Entropy is a fundamental concept in science. It describes the disorder, randomness, and uncertainty of a physical, biological, or social system. While understanding entropy has far-reaching impact to advancing our knowledge in many scientific areas and our society, the development of rigorous theories and computational technologies for entropy is a rather challenging task due to the vast complexity of an underlying system. In the context of biological molecules such as proteins and DNAs, entropy as defined in statistical mechanics and thermodynamics is a critical part of the total free energy of such molecules in a chemical environment. Efficient and accurate calculations of such entropy is of particular interest as the calculation of free energy, which is fundamental to physical and biological processes, is known to be notoriously difficult. The need and recent interest in advanced computational methods for entropy in biological molecular systems have motivated directly this dissertation work.
The basic mathematical and statistical definition of entropy, the Shannon entropy in information theory, for a random variable in an Euclidean space is the negative expectation of the natural logarithm of the probability density function (PDF) for the random variable. The entropy of a physical and biological system can be written in the form of, or approximated by, the Shannon entropy with a suitably defined PDF that has physical meanings. Practically, the dimension of an underlying random variable can be very high, and in addition, its PDF may not be known. The goal of my study is to develop efficient and accurate computational methods for the Shannon entropy with the application to the calculation of entropy of a particle system that may consist of many particles, forming a liquid.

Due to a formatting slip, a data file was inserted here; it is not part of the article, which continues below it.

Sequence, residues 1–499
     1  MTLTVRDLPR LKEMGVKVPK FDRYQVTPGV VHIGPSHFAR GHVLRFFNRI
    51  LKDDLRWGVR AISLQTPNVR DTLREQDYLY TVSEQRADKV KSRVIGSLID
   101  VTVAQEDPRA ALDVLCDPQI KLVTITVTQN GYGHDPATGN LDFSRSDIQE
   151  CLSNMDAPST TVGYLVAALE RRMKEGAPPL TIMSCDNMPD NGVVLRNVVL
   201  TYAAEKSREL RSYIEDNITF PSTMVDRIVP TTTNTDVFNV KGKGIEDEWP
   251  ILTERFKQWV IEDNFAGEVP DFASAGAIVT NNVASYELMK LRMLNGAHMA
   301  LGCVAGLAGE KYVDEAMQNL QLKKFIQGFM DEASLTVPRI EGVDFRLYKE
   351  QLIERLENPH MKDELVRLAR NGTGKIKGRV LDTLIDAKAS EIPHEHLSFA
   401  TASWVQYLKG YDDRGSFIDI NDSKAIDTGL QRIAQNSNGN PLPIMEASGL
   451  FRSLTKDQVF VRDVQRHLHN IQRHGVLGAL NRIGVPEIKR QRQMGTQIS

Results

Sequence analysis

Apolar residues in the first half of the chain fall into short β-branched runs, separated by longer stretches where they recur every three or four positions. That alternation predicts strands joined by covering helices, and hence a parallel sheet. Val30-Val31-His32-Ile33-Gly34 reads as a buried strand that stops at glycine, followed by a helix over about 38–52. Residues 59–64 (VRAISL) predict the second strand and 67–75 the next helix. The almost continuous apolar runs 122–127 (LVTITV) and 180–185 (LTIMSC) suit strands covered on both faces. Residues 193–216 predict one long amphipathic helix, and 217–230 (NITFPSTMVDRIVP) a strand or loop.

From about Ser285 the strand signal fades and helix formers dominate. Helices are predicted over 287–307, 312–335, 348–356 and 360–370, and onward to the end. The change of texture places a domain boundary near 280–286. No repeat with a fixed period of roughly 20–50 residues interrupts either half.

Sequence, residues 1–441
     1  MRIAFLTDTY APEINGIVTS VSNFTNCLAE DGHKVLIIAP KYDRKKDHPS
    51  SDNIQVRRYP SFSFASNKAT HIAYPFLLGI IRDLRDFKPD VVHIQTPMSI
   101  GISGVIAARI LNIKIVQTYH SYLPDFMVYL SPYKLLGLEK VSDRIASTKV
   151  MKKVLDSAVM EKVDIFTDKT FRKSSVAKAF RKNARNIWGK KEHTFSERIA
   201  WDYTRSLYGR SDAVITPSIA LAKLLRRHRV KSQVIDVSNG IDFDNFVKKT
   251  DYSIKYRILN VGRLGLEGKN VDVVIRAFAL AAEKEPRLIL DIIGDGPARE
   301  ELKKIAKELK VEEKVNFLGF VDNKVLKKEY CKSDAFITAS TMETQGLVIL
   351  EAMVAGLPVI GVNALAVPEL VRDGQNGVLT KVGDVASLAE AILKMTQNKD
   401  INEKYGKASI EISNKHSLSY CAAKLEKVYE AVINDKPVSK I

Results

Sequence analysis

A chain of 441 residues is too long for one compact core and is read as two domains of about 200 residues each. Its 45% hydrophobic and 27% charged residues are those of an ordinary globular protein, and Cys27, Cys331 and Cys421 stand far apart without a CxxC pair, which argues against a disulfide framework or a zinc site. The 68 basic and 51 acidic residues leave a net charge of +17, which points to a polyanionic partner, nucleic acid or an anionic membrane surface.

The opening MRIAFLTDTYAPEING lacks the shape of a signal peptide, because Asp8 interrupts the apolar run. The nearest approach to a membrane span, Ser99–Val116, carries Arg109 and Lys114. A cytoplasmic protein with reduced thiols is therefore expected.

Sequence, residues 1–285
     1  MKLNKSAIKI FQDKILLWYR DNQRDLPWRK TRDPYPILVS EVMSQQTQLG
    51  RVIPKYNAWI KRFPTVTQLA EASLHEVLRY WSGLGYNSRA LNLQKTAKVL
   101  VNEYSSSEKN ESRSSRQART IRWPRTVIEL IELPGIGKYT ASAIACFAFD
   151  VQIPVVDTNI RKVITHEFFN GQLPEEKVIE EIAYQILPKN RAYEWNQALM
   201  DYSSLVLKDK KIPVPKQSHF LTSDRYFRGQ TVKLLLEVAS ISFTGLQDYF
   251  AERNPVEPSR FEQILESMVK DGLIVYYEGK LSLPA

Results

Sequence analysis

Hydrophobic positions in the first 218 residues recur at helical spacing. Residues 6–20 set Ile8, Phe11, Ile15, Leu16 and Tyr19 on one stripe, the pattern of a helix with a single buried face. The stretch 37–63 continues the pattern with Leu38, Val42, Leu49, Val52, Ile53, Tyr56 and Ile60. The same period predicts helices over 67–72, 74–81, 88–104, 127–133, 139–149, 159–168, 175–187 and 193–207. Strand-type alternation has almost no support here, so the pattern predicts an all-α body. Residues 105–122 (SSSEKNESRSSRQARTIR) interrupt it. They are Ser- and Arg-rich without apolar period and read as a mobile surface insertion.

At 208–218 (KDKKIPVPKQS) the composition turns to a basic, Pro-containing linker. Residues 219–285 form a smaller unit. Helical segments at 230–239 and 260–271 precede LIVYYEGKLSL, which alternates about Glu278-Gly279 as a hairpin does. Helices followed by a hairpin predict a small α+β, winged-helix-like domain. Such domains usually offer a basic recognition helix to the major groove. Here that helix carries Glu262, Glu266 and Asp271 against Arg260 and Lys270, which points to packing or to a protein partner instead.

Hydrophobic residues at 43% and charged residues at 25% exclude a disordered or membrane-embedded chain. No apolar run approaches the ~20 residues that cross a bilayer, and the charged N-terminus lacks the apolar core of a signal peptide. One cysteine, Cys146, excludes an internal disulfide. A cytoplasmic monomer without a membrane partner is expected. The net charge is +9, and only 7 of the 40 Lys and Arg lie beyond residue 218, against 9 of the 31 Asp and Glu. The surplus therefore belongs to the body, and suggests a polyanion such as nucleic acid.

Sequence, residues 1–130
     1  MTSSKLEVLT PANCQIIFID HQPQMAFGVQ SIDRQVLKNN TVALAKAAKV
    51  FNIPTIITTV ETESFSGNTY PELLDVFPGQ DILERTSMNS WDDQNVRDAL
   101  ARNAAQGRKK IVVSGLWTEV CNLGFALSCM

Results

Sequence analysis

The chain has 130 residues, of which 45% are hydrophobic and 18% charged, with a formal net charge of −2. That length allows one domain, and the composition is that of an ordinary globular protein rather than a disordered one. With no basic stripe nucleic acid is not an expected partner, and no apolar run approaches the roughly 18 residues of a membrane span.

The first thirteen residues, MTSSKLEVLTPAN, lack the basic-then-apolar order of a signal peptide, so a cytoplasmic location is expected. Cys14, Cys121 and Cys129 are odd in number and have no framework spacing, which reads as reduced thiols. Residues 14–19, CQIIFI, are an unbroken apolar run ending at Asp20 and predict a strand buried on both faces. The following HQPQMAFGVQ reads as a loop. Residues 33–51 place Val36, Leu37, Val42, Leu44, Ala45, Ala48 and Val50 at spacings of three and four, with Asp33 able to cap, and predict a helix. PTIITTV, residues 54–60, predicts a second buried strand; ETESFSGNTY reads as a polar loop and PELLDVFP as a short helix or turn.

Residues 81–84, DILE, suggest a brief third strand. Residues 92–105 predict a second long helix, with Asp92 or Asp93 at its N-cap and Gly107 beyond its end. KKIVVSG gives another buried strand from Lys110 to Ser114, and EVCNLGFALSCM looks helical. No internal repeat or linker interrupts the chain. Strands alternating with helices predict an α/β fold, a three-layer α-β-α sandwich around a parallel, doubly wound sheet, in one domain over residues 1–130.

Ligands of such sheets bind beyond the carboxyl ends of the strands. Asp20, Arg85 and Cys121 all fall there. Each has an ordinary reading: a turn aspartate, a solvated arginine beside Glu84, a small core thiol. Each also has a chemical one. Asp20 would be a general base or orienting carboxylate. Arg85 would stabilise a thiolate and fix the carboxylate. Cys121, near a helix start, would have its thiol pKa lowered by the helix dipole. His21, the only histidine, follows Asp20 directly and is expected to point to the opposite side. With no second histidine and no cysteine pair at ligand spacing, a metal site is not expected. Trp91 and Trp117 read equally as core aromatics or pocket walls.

In this dissertation work, I begin with a formal derivation of a class of nonparametric kNN-type estimators of the entropy, including the classical kNN estimator, the kpN estimator introduced recently by some physicists, and a new estimator called kp-kernel estimator that I have constructed. One of my objectives here is to understand if theses estimators can better capture some properties that are related to singular behaviors of an underlying PDF, such as the ``tail'' part of the PDF. My extensive numerical simulations using these estimators with several different PDFs show some of such advanced features. These include a better description of a strongly correlated system and more accurate sampling of the tail part of a given distribution. I will then present a convergence analysis to show that some of these estimators converge in expectation, under some realistic assumptions.
Subsequently, I apply these kNN-type entropy estimators to calculate the entropy of simple molecular systems. Here a statistical mechanics theory of simple liquids is invoked, and the entropy is expressed in a series of terms, each is a Shannon entropy, where the first two terms are known to be the most important. I implement the Markov chain Monte Carlo method to sample an underlying molecular system, and then I use the kNN and kpN methods to estimate the entropy.
Finally, I present my related work on the molecular dynamics (MD) simulations of the solvation of an ion in water. Using the radial distribution function of water molecules surrounding an ion, obtained from the MD simulations, I find the effective radius of the ion. I also compare the results of the MD simulations with those of a stochastic ordinary differential equation (SODE) model to examine the validity of such an SODE approach. The work presented here is a first step toward combining statistical methods and computational analysis to tackle one of the very complex problems in mathematical modeling and computer simulations of biological molecules.
My detailed studies of a class of nonparametric entropy estimators and their application to molecular modeling demonstrate that these methods are promising. More work remains to improve the efficiency of some of these estimators, and to develop a complete theory of convergence. Further theories and more related methods are needed for better applications of these estimators in molecular modeling.